Situation reports or SitReps have a great deal of importance in conveying information on an incident or event to a variety of stakeholders. Having worked for many years as a Planning Section Chief in a State EOC and county and local EOCs and command posts on a variety of incidents and events; well structured, well written, and relevant SitReps have become a bugaboo of mine. SitReps are intended to provide a snapshot of a common operating picture for stakeholders involved in the incident or event. Creation of a SitRep should be viewed as a process, similar to incident action planning.
The information contained in a SitRep provides them with the information they need to know to perform their duties in support of the incident. Keep in mind that stakeholders may not be involved in the operations or support of an incident but still need to have awareness as they may be impacted. A series of SitReps can also contribute greatly to the historical record of the incident or event.
Looking into the New Year and toward your next incident and event, I’ve provided some things I’ve learned along the way which can bake your situation reporting more effective and meaningful.
Defining the Audience
In the first step to building a benchmark SitRep, regular readers of my blog will recognize one of my common themes – identifying needs. Just as we do in training, we need to be aware of who are audience is what their needs are. The primary purpose of a SitRep is to meet the information needs of your audience.
Who are the stakeholders that see your SitReps? Are they operators, decision makers, or executives? Generally, based on these three categories, here is the information they need:
Operators. These are the folks who are ‘boots on ground’ getting the work done. While they might love to see detail of what is going on throughout the incident or event, they don’t NEED this information as it can, in fact, be simply distracting to them. Very rarely are SitReps geared toward this audience as you want them tactically focused on the tasks they are assigned to. Usually a brief incident summary satisfies their limited need to have a bigger picture of what is occurring. Those who are managing them should be providing them with the information they need to know.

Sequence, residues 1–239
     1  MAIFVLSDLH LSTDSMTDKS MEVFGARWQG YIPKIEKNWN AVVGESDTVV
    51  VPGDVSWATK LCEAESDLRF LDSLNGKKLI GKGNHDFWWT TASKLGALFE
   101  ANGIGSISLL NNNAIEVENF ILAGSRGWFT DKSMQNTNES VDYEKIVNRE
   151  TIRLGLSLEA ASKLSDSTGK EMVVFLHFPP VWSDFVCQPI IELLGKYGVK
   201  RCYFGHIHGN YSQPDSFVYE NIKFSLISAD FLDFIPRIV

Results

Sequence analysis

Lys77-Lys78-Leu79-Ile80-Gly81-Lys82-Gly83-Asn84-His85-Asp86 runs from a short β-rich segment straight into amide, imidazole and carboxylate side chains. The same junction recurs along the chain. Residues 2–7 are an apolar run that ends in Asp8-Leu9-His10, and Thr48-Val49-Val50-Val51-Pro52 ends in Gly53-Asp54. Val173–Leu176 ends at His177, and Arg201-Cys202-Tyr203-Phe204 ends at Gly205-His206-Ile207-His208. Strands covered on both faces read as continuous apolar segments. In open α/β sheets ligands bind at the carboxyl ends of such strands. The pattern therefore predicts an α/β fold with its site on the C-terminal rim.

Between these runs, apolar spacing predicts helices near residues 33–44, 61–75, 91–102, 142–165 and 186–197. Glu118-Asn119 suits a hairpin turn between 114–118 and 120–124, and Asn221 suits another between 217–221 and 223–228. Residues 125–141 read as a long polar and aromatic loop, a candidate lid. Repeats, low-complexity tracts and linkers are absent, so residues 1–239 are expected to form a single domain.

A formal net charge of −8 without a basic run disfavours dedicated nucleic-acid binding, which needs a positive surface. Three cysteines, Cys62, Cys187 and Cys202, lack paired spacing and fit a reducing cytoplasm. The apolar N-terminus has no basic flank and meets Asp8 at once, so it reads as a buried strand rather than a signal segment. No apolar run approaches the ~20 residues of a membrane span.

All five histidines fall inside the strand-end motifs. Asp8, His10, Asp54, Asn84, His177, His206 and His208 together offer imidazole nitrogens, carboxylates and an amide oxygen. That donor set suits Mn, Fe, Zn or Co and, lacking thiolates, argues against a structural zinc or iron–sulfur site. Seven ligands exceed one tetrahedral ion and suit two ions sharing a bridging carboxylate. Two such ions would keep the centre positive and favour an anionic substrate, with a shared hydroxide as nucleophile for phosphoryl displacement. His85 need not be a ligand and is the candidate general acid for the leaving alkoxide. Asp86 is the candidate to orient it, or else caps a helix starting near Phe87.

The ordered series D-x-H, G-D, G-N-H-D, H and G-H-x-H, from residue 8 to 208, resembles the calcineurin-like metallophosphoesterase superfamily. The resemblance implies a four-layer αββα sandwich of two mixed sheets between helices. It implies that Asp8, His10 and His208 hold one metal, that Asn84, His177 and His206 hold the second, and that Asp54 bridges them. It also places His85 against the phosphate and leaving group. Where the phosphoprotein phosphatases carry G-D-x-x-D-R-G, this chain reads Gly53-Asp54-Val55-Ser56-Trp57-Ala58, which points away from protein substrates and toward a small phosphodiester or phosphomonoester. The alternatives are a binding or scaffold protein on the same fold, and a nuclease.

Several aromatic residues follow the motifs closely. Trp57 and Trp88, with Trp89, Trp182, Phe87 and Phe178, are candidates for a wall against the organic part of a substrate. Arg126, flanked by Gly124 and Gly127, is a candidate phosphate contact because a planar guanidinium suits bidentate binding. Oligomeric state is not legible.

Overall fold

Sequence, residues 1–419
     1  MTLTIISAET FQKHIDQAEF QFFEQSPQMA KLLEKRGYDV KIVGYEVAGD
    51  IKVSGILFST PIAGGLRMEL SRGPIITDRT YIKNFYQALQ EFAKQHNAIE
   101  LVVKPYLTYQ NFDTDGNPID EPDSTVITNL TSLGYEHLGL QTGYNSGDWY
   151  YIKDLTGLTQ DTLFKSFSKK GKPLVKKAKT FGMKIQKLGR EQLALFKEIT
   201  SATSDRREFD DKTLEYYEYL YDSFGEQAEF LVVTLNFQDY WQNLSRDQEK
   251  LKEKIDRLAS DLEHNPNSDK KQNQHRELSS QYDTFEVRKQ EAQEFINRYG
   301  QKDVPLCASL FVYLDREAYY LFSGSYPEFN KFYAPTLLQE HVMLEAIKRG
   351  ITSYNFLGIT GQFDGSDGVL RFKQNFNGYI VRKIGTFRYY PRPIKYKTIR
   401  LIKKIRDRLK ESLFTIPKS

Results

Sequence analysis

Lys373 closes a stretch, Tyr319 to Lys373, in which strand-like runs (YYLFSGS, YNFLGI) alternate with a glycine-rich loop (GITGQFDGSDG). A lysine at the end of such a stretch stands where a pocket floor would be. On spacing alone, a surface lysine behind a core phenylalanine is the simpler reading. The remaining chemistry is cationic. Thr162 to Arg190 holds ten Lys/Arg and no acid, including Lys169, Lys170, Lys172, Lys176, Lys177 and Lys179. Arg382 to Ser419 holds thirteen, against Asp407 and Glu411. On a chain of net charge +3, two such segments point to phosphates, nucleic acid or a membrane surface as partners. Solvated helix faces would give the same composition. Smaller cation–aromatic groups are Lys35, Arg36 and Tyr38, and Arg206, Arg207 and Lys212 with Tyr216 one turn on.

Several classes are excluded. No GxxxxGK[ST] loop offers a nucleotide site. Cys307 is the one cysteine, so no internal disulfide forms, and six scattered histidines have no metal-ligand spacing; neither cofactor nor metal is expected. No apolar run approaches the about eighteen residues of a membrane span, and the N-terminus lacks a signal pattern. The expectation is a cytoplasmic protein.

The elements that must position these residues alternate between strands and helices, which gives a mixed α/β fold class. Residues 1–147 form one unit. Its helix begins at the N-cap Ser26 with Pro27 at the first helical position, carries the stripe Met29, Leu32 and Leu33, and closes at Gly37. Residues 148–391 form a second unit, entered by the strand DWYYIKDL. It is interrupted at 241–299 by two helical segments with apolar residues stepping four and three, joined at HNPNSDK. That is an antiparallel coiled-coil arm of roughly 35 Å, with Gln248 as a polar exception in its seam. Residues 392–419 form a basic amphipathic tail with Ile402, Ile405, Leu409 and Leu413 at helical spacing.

Decision makers. Decision makers are found at many levels throughout an incident structure. They may be task force or strike team leaders, division or group supervisors, facility managers, branch directors, section chiefs, functional managers of agencies or departments, or others functioning in similar capacities. Decision makers have the greatest functional information need. The information being provided to this group strongly supports their role in the incident, the planning and management of the incident, and the safety of personnel. The information provided to them should have some degree of operational detail and should include information on hazards and safety issues as well as potential problem areas.
Executives. This category includes chief elected officials, high level appointed officials, and organizations with ancillary involvement. Executives are of course decision makers in their own right, but aren’t often involved at the level of detail of the decision makers discussed above. Generally executives don’t require a great degree of operational detail, but they do like numbers and statistics. Like the decision makers, they also need to be aware of potential pitfalls on the horizon as they need the information to make high level decisions to address the problem or be prepared to deal with the outcomes politically. You may have to be the most aware and response of the needs of this audience as they may have different information needs during an incident.
Where the Information Comes From
We know from communications training that information we convey must be timely, relevant, and accurate – this must be the litmus test by which you judge all SitRep content. The Planning Section should be obtaining information from all relevant stakeholders. They need an overview of what has, is, and will be happening operationally (and the outcomes/impacts of these operations) as well as all support activities and external influences (such as weather, crowd activities, etc.). Information from field operations should come, ideally, from individuals functioning in the field for the sole purpose of obtaining and providing information (field observers). Often times, however, we don’t have this luxury and have to obtain information directly from field-level managers themselves. Caution should be exercised with the information you receive from them, or anyone really, as some will alter information based upon their own agendas or bias. Information should also be obtained from support services, usually found through your Logistics section.